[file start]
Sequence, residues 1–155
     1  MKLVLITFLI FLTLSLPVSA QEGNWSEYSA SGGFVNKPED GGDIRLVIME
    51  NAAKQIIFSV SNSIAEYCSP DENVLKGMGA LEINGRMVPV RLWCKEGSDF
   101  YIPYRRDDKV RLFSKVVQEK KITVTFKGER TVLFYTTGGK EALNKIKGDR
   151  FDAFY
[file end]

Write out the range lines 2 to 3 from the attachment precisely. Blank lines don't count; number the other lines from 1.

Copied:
     1  MKLVLITFLI FLTLSLPVSA QEGNWSEYSA SGGFVNKPED GGDIRLVIME
    51  NAAKQIIFSV SNSIAEYCSP DENVLKGMGA LEINGRMVPV RLWCKEGSDF